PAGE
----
It is one of the great American pleasures to stand by a gas pump in southern Louisiana in punishing heat and humidity, squeezing boudin into your mouth. The combination of fatty minced pork and mineral-bright liver and melting bell pepper and soft salty rice is otherworldly, and might make boudin the greatest sausage there is — except that boudin isn’t really a sausage as much as the product of a sausage-casing delivery system, a tube to discard once you’re done eating.
Boudin isn’t its shape. Boudin is what is within its shape, the mouthpaste that four out of five gastronomes recommend. Boudin is not sausage. It is of sausage.
So I stipulate, anyway, and for this exercise I can stipulate, for I am judge and jury, fierce prosecutor and wily defense attorney alike. These are the sausages of summer, ranked from worst to best:
10. Summer Sausage
This is the American cheese of sausage: a damp-dried and sometimes smoky palm-wide cylinder of beef or venison — larded with pork fat and caked with spices, tangy in flavor, extremely grainy — that you don’t have to refrigerate until you open it up and eat it with cheese. It is gas-station salami, essentially, mail-order homespun funk.
Pale and disturbing in countenance, these Bavarian veal-and-pork sausages are light and fragrant with lemon and onion, and are generally served steamed, alongside a pretzel. They’re delicious. But they are better eaten in autumn, with some chill in the air.
A featured player in Latin American barbecue culture, from the asados of the south to the parrillas of Venezuela, this dark and delicious sausage makes an excellent cookout accompaniment, and is terrific on sandwiches. Morcilla can, however, be a hard sell for those who discover that its principal flavoring agent is blood.
This coarse-grained smoked sausage is more ingredient than star. It wants to be in gumbo so badly that you can taste the ambition even when it’s been griddled or flame-kissed and sliced into a sandwich to be eaten in bare feet on thick grass.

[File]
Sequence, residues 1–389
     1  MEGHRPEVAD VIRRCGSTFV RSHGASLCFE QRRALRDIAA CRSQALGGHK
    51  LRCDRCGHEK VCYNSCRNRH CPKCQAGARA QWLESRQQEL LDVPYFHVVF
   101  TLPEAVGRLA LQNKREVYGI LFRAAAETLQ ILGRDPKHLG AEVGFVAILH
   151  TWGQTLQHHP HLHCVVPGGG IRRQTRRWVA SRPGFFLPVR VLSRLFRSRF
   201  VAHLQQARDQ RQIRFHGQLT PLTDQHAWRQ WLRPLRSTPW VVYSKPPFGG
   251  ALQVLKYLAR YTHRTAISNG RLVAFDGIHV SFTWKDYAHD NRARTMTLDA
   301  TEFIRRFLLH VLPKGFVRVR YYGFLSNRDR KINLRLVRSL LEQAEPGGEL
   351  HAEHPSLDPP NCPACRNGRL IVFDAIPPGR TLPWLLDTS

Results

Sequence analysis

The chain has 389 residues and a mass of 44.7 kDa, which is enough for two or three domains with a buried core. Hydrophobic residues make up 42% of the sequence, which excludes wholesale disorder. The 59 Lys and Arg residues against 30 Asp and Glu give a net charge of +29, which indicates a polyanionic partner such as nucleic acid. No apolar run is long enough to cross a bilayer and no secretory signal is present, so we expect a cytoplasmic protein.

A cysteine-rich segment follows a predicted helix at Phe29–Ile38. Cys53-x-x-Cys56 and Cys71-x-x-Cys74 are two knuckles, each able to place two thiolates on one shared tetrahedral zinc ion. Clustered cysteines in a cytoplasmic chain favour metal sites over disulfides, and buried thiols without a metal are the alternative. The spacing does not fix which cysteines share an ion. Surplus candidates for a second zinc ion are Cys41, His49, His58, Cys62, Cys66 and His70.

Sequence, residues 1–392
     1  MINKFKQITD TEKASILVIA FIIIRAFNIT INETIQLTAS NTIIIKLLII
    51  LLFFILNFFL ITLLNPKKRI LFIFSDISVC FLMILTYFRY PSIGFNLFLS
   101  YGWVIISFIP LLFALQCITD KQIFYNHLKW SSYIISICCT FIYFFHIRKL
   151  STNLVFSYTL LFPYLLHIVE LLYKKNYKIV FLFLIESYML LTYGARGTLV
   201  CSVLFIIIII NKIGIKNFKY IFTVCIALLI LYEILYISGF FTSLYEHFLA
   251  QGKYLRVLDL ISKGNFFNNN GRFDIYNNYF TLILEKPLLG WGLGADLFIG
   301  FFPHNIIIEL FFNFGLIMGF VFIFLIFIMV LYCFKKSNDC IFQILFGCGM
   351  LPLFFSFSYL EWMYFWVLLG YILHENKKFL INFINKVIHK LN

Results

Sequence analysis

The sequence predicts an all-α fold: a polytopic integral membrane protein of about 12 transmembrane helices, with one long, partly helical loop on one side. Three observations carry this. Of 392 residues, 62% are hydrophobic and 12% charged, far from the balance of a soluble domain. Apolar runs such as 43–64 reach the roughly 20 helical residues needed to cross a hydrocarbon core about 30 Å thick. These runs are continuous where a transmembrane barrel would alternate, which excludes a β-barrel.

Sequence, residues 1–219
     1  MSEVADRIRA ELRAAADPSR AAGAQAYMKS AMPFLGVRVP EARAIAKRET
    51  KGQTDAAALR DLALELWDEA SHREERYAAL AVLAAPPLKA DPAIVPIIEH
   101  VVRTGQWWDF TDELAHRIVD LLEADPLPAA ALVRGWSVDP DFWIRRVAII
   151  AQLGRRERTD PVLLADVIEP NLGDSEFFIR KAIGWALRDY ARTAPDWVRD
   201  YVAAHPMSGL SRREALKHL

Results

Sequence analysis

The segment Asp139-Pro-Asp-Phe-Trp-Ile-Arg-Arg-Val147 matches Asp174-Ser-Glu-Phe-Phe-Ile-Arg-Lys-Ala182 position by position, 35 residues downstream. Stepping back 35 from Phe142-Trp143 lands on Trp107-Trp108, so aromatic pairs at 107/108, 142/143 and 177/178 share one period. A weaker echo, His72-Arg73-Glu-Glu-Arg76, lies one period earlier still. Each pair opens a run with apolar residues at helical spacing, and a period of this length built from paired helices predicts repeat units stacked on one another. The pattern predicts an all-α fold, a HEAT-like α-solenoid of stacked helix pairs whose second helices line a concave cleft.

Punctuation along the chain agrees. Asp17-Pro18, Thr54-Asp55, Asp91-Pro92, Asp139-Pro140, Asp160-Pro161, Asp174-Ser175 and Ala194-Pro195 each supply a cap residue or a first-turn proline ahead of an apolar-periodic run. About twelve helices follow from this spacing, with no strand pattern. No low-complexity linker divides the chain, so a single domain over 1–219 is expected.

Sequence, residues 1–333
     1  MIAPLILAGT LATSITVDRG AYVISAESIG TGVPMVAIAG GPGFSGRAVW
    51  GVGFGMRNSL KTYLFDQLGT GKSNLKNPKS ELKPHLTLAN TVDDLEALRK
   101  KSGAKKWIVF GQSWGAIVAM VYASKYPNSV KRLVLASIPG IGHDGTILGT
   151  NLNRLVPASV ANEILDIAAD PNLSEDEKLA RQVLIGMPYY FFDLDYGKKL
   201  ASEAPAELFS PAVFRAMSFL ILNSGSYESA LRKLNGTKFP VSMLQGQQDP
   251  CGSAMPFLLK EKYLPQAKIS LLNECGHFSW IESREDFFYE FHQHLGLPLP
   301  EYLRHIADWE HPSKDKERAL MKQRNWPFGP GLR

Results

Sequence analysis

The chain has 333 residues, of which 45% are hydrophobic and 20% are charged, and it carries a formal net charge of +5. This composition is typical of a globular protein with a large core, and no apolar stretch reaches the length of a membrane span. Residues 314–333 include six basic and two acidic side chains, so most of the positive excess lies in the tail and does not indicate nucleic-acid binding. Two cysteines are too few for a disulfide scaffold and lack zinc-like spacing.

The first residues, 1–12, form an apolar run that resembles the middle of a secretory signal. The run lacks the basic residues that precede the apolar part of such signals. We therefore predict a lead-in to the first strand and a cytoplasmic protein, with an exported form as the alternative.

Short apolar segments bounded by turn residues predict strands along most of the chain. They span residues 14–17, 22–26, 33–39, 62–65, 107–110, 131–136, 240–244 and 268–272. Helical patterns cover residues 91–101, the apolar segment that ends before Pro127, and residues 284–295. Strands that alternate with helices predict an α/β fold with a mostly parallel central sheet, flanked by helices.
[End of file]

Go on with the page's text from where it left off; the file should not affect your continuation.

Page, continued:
This crimson-spiced sausage from the Maghreb, musky with cumin and fired by harissa, might be Exhibit A in a rundown of what the chef David Chang calls “ugly delicious.” But grilled and eaten alone, or crumbled into salad or dotted on pizza, it puts a diner on a patio in Nice with a view of the Mediterranean, so who cares?
Here now is the taste of New Bedford, Mass., Cape Ann, a cold breeze coming off Buzzards Bay and warm Portuguese spice squaring off against salty clams. Slice it and grill it, braise it in beer.
An endlessly adaptable sausage of Polish deliciousness. If you haven’t grilled coins of it and tossed them in barbecue sauce and eaten them piled on a deli roll like meat salad, you are missing out.
Some will rank these bangers higher, or lower, depending on their skill at the grill. But it is hard to beat their taste, sweet or hot, when they’re griddled on a flattop with onions and peppers, then served on hero bread, a champion of street fairs and state fairs alike.
The clear summer champion of the Midwest, and a faithful cookout companion all the way through the end of football season, this Wisconsin favorite is best simmered in beer with onions and butter, then grilled to a slight char. Were good ones available more widely across the United States, they’d be a shoo-in for top honors. Don’t br@ me.
1. Hot Dogs
These might be Hebrew Nationals to you, or Thumann’s or Sabretts. They could be red hots, white hots, half-smokes, skinless or cased, served Sonoran-style or Chicago-style, deep-fried or heaped, according to what Rhode Islanders call the New York System, with “wiener sauce.” You may love the Dodger dog best, or the Coney, or the corn dog, the veggie dog, even the classic Manhattan dirty-water dog with steamed bun and suspect mustard. But no great summer cookout is complete without a package of your favorite hot dogs spilled out onto a flaming hot grill to sizzle and crack and serve on a soft roll with whatever toppings you like. They are the taste of America.
Sam Sifton is the food editor, the founding editor of NYT Cooking and a columnist for The New York Times Magazine. He has also served as the national editor, the restaurant critic and the culture editor.